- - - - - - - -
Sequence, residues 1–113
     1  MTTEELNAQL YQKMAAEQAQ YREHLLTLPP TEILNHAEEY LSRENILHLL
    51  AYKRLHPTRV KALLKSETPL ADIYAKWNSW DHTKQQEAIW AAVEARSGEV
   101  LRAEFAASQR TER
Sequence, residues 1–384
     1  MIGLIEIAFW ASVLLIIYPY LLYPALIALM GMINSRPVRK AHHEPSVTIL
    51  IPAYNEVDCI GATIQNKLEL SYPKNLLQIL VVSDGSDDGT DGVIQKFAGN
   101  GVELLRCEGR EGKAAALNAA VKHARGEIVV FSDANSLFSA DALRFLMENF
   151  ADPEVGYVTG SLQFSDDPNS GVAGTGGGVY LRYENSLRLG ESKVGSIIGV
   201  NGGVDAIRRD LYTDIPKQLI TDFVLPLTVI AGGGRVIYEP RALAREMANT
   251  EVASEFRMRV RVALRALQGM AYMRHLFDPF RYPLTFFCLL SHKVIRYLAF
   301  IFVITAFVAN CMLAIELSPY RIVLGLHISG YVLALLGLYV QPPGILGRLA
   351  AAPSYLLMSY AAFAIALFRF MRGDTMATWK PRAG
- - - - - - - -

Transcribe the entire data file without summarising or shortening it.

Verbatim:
Sequence, residues 1–113
     1  MTTEELNAQL YQKMAAEQAQ YREHLLTLPP TEILNHAEEY LSRENILHLL
    51  AYKRLHPTRV KALLKSETPL ADIYAKWNSW DHTKQQEAIW AAVEARSGEV
   101  LRAEFAASQR TER
Sequence, residues 1–384
     1  MIGLIEIAFW ASVLLIIYPY LLYPALIALM GMINSRPVRK AHHEPSVTIL
    51  IPAYNEVDCI GATIQNKLEL SYPKNLLQIL VVSDGSDDGT DGVIQKFAGN
   101  GVELLRCEGR EGKAAALNAA VKHARGEIVV FSDANSLFSA DALRFLMENF
   151  ADPEVGYVTG SLQFSDDPNS GVAGTGGGVY LRYENSLRLG ESKVGSIIGV
   201  NGGVDAIRRD LYTDIPKQLI TDFVLPLTVI AGGGRVIYEP RALAREMANT
   251  EVASEFRMRV RVALRALQGM AYMRHLFDPF RYPLTFFCLL SHKVIRYLAF
   301  IFVITAFVAN CMLAIELSPY RIVLGLHISG YVLALLGLYV QPPGILGRLA
   351  AAPSYLLMSY AAFAIALFRF MRGDTMATWK PRAG